BOXING COMMENT: If Floyd Mayweather's victory over Miguel Cotto for the WBA light middleweight title proved anything, it was that when it comes to skill, heart, and fortitude, the unbeaten future hall of famer is one of the greatest athletes to ever grace the sport of boxing.
To his detractors, of which there are many, Mayweather is too arrogant, disrespectful and brash to be treated with anything more than grudging respect.
This has been the case since he first entered the ring as a professional in 1996, when he overcame Mexico's Roberto Apodaca by TKO in the second session of a four-rounder at the Texas Station Hotel and Casino, located in North Las Vegas far from the bright lights of Las Vegas.
And though Mayweather savoured his triumph on Saturday night in front of a packed crowd at the MGM Grand Hotel on the Strip, he had to fight every step of the way there.
Following his debut he fought in the kind of arenas in the kinds of towns and cities that don't exactly trip off the tongue as being synonymous with the glamour and excitement that surrounds him now.
His rise, while steady, was certainly not meteoric - nothing to compare with a young Oscar De La Hoya, for example, who was immediately propelled to big-money bouts when turning pro after his gold medal win at the 1992 Barcelona Olympics.
But one of the benefits of serving such a tough apprenticeship is the mental toughness and fortitude it develops, not forgetting hunger.
All three attributes were in evidence against Cotto, who himself brings something special to the ring and pushed Mayweather to fight harder and dig deeper than any opponent he's faced since his war with Jose Luis Castillo in the first of their two fights back in 2002.
Cotto's work with Cuban trainer Pedro Diaz has clearly borne fruit.
On Saturday he was in superb condition and was able to penetrate his opponent's normally impregnable defence on more than one occasion, particularly in the later rounds.
Fighting at a weight suited to his natural size and strength, the Puerto Rican relentlessly pressured Mayweather throughout, taking the kind of shots that would have stopped lesser fighters in the process.
It was a performance that has rightly earned him plaudits, leaving little doubt that Miguel versus Cotto will come again.
Remarkably, after 43 fights in 18 years it remains impossible to detect any deterioration in Mayweather's ability, which if anything has matured to the point where it is hard to think of anyone who could best him.
Talk of Amir Khan earning a shot - assuming he comes through his upcoming rematch with Lamont Peterson - has been heard recently.
But Khan would have to raise his game a level if he is to have any chance against Mayweather, while the US fighter would have to drop a level to meet him.
The decidedly dim prospect of both happening on the same night would not fill the bookies with dread, it has to be said.
What Mayweather has succeeded in doing during his career is elevating defence and counter-punching to an art form distinct from any other aspect of the sport.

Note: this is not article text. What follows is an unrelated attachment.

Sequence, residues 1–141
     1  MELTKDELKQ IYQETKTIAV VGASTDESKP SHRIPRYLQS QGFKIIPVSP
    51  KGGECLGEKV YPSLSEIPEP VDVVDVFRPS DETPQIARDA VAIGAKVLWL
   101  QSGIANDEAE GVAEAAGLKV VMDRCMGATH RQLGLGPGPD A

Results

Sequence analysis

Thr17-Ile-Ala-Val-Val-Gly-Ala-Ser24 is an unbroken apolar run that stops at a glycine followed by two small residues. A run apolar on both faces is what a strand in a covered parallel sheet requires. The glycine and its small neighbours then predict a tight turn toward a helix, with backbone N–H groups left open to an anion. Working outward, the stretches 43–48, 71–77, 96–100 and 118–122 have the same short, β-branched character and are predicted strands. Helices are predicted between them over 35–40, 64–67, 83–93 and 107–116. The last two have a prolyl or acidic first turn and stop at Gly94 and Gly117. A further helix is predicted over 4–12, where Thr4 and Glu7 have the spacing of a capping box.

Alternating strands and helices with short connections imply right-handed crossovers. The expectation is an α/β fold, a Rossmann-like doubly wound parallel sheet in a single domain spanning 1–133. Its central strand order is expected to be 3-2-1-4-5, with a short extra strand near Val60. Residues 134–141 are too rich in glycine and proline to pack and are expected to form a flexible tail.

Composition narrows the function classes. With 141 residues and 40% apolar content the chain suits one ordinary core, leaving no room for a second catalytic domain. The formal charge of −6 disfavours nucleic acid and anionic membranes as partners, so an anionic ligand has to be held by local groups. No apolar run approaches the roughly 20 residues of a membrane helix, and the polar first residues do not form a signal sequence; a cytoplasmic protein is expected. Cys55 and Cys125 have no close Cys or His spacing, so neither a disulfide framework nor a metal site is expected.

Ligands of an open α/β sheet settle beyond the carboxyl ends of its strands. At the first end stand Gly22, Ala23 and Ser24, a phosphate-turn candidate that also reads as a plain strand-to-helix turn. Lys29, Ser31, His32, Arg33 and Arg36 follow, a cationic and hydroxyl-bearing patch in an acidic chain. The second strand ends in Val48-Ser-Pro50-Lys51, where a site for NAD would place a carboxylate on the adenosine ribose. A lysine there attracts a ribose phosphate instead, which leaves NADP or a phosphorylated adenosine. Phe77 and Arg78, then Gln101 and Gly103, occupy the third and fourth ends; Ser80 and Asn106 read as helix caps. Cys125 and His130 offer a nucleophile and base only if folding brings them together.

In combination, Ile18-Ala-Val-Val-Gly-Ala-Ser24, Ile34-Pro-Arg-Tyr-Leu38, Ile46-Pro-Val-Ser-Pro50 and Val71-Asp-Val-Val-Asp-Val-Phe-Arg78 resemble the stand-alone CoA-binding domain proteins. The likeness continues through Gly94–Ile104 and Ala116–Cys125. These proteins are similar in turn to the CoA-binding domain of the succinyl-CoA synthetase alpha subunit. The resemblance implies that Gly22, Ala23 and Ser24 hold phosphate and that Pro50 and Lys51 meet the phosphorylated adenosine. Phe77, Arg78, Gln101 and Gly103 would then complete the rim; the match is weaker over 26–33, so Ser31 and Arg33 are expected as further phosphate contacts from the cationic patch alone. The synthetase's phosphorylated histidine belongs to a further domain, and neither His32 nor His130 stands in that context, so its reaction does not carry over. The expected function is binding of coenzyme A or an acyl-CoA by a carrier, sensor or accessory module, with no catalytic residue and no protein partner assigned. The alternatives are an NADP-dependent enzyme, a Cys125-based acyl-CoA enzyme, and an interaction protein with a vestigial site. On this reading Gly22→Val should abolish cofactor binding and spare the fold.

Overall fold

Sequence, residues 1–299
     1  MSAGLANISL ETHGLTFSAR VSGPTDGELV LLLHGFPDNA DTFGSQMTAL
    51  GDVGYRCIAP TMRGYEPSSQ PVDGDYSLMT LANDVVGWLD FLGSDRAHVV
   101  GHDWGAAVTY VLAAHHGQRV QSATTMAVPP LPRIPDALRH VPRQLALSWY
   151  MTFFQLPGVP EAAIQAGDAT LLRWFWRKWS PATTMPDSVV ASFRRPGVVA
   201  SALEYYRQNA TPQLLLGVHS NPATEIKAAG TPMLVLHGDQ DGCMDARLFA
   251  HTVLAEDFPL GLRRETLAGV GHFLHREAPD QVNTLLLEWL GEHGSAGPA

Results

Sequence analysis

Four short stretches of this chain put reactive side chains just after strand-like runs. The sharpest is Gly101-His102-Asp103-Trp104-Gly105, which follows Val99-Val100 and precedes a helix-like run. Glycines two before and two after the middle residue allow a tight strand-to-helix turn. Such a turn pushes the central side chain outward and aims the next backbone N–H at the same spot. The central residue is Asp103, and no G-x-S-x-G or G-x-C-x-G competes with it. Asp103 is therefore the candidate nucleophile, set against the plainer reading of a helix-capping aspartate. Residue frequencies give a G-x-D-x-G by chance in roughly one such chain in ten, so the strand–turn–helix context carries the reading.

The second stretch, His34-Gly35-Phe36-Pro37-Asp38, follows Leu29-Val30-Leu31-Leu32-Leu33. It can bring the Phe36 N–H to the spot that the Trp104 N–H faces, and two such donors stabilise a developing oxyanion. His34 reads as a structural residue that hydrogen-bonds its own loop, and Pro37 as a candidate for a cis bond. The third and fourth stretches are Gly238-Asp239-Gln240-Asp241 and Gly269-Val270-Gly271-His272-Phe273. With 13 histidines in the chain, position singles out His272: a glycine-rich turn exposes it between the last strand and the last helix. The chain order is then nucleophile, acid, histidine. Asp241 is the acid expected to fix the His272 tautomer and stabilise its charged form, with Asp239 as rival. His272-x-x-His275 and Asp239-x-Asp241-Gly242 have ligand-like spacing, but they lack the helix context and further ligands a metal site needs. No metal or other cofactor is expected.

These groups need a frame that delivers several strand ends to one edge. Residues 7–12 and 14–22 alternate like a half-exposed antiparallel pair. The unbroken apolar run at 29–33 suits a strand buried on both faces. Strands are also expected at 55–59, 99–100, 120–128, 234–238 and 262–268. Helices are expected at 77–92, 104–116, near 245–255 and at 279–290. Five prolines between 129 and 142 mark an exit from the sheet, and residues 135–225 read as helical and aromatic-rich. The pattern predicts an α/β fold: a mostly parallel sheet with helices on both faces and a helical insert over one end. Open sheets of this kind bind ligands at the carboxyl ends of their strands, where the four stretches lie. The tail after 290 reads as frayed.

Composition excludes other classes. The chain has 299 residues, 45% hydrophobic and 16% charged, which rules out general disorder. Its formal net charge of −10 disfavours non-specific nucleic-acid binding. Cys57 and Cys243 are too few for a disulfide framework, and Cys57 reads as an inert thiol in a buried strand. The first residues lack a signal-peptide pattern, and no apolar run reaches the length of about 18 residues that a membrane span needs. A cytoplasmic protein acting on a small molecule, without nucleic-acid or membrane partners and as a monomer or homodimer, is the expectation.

His perfection of the shoulder-roll defence is exquisite to watch in action, as is his unique ability when it comes to fighting with his back against the ropes, finding angles and openings which in this position no other fighter could.
You know that you are describing a special talent when you watch each of his fights not expecting his opponents to win but simply to see how much they can test and push him.
Only a few fighters have reached this level of near-invincibility, with stellar names such as Sugar Ray Robinson, Muhammad Ali in his prime and Mike Tyson in his prime springing to mind.
Among Mayweather's peers, Andre Ward is the only other fighter who can lay claim to such an accolade, though whether he will be able to continue to do so after 18 years in the sport like Mayweather is another question.
Of course, the name that continues to hover over proceedings whenever future opponents are mooted for Mayweather is Manny Pacquiao.
Over the past few years there's been a sharp polarisation between fans and commentators over the merits and demerits of Mayweather compared to the Filipino boxing congressman and vice-versa.
Making such comparisons especially intriguing is that each represents in its purest form defensive and offensive boxing respectively.
For some, Pacquaio's stock has dipped since his last fight with Juan Manuel Marquez.
The veteran Mexican challenger was able to nullify Pacquiao's considerable hand speed and relentless come-forward style by constantly changing the distance to make him miss before punishing him with sharp counter-punches.
In this regard Mayweather is virtually peerless in the sport today, matched only by Ward when it comes to applying a strategy to take away his opponent's strengths while emphasising his own.
This suggests that Pacquaio would come up short if the two were ever to meet in the ring, which currently remains a forlorn hope.
But no matter - the fact is that Mayweather has reached the stage in his career when the prospect of 90 days detention for assault beginning on June 1 will likely fill him with more apprehension and doubt than any potential opponent in the ring ever could.
He really is that good.
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